Imagine that you wanted to hit a home run from a 95 mph fast ball pitch. How successful would you be if you read books about hitting a baseball, attended a lecture on how to read pitches, listened to a podcast on batting stance, believed with all your heart that you could really hit a home run, and last but not least, prayed about it? Well, you may get lucky and make contact with a couple of pitches, but you’re probably not going to hit it out of the park because you have little respect for your physical body. Professional baseball players practice rigorously to get their swing and technique down to the point where muscle memory takes over, making it look effortless. They also spend time with a coach and other people who also want to learn how to hit a baseball. It’s a community of practice.

We can treat our formation into Christ-likeness the same way when we expect podcasts and prayers to make us more like Jesus. Then at some point, you realize, you’re burnt out, stagnated or just tired of failing and decide to throw out your faith because it’s just not working. This is fragmented faith.

How much do you bring your body into your faith? Paul writes to the Romans that offering our physical bodies comes as a prerequisite for renewing the mind.

Therefore, I urge you, brothers and sisters, in view of God’s mercy, to offer your bodies as a living sacrifice, holy and pleasing to God—this is your true and proper worship. Do not conform to the pattern of this world, but be transformed by the renewing of your mind. Then you will be able to test and approve what God’s will is—his good, pleasing and perfect will.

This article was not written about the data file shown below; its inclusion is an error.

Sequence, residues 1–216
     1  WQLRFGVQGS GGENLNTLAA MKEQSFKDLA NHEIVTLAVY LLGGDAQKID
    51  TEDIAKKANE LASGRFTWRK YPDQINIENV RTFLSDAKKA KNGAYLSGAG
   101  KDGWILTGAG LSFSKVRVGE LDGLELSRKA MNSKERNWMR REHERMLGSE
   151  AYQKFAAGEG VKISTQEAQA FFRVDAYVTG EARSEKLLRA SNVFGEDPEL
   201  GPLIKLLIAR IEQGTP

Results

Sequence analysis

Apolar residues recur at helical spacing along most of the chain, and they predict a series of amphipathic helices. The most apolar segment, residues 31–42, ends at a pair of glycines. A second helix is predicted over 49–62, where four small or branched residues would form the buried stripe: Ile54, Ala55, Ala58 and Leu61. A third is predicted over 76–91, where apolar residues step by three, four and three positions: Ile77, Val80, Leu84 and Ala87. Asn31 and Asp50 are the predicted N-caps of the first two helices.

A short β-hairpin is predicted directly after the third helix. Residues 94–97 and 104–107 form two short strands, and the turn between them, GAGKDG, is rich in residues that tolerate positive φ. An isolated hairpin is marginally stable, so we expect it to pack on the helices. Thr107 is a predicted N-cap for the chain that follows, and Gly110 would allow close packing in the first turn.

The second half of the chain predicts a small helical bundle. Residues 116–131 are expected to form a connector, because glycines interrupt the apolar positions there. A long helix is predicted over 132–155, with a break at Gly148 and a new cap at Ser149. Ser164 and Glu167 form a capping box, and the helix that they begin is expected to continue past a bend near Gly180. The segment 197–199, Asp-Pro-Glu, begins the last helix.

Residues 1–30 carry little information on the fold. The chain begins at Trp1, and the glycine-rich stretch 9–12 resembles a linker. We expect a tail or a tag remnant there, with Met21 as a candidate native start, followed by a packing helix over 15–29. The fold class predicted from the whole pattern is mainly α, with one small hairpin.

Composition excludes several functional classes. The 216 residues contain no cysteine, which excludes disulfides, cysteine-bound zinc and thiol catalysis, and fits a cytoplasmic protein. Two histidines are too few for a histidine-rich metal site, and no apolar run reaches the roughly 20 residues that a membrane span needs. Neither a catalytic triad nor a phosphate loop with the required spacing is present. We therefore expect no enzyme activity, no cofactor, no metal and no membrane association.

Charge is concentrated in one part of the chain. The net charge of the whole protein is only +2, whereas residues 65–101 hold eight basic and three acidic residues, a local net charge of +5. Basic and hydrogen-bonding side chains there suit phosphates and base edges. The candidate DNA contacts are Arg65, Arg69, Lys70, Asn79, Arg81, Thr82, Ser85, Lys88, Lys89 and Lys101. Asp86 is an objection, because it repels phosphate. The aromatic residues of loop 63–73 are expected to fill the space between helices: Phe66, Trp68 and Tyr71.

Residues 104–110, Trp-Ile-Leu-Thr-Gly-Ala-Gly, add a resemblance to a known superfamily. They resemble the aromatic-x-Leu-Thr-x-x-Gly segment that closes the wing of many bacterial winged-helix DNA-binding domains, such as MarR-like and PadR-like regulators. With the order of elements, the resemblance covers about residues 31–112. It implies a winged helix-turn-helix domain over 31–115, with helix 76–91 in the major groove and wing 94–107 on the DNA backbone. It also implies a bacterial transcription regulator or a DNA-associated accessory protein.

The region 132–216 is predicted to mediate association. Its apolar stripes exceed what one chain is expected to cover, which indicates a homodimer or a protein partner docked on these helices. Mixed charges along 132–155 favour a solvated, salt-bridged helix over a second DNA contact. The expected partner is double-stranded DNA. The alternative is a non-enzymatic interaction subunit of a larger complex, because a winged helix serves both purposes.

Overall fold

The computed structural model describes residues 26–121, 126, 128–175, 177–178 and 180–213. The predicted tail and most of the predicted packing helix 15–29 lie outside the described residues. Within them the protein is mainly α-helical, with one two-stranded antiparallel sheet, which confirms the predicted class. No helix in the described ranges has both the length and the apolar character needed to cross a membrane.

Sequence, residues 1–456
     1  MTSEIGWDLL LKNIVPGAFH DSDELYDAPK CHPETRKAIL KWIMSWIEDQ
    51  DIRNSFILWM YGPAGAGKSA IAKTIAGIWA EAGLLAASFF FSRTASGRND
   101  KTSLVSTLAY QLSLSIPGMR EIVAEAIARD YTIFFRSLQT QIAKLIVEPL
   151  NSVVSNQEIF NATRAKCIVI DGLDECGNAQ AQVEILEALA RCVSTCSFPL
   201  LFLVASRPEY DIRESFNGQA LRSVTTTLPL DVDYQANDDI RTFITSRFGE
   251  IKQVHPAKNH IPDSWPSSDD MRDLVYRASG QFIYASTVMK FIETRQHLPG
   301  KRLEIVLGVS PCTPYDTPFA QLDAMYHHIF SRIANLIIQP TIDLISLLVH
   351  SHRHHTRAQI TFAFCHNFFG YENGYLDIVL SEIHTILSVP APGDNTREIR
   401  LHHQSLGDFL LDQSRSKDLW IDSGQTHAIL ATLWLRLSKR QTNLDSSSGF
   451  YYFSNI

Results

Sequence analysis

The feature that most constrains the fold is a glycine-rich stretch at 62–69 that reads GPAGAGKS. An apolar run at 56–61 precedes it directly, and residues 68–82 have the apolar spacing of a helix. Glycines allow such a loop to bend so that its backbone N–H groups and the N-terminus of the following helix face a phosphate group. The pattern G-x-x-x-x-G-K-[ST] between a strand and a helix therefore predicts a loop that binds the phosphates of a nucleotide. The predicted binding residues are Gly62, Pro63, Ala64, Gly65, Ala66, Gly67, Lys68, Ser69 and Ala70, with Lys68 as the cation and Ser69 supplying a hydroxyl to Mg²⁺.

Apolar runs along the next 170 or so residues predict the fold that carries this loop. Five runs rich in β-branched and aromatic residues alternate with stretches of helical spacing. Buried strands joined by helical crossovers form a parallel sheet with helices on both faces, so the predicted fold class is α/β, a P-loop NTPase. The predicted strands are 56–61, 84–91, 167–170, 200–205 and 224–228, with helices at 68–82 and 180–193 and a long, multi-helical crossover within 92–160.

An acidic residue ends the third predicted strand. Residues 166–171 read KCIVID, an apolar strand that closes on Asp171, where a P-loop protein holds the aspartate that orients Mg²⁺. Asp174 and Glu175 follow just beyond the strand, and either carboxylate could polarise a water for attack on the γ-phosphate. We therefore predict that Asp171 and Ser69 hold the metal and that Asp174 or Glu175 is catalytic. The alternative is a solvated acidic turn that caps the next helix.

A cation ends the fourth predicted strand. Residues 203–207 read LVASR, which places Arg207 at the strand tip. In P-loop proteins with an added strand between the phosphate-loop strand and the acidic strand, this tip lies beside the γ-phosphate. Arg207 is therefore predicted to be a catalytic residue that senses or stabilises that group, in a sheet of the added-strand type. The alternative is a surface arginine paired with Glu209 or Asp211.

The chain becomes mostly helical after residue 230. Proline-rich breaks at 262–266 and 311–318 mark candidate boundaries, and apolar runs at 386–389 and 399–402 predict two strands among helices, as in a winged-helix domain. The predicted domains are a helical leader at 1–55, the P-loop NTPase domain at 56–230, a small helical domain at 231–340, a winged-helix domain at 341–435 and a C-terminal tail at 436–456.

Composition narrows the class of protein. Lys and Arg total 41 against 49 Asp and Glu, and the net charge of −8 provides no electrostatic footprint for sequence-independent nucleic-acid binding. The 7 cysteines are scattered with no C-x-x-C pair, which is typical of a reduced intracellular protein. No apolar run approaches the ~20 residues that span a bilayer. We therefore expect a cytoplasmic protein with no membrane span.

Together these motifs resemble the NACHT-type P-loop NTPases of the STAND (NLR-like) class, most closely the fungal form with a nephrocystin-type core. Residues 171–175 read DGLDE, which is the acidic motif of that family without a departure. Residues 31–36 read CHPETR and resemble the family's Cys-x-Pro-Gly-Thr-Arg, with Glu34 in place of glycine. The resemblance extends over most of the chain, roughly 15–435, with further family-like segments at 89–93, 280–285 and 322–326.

Romans 12:1-2

If we desire a more sustainable spirituality, formation into Christ-likeness must go beyond the intellect and set of beliefs, but must also incorporate our bodies and inner life, which form our habits, desires and longings.

Movement #5: From Experimentation to Transformation

To experience the kind of transformation that reflects the effortless muscle memory in an athlete’s experience, you have the choice to cultivate spiritual practices that make space for you to experience God in every aspect of life.

There are many ways to incorporate our body into our day to day faith practice. Exercise, abstaining from certain activities (e.g. social media), choosing to walk away or flee, feasting, singing, painting, writing, making something with your hands, cooking, and so on.

A spiritual practice is an intentional activity or discipline that directs the mind, body and spirit toward a specified outcome. For Jesus, this included practices such as solitude, service, prayer, rest, fasting, saying no, saying yes, seeing the image of God in others, living in the truth of how the Father viewed him, enduring suffering, lamenting, listening to the Spirit, going into nature, getting up early, discerning evil from good, interceding for others, being a peacemaker and many more. These embodied practices created space for the Holy Spirit to empower Jesus to live an integrated, love-oriented life where he was fully present to those around him.

How do you know if the spiritual practices you do are working? You experiment and make adjustments until you begin to experience the vision of change that you seek. Through the power of the Holy Spirit, the fruit of our practices result an increased capacity to love God, ourselves, others and creation.

Use this template to help you create your own 21 Day Personal Transformation Experiment.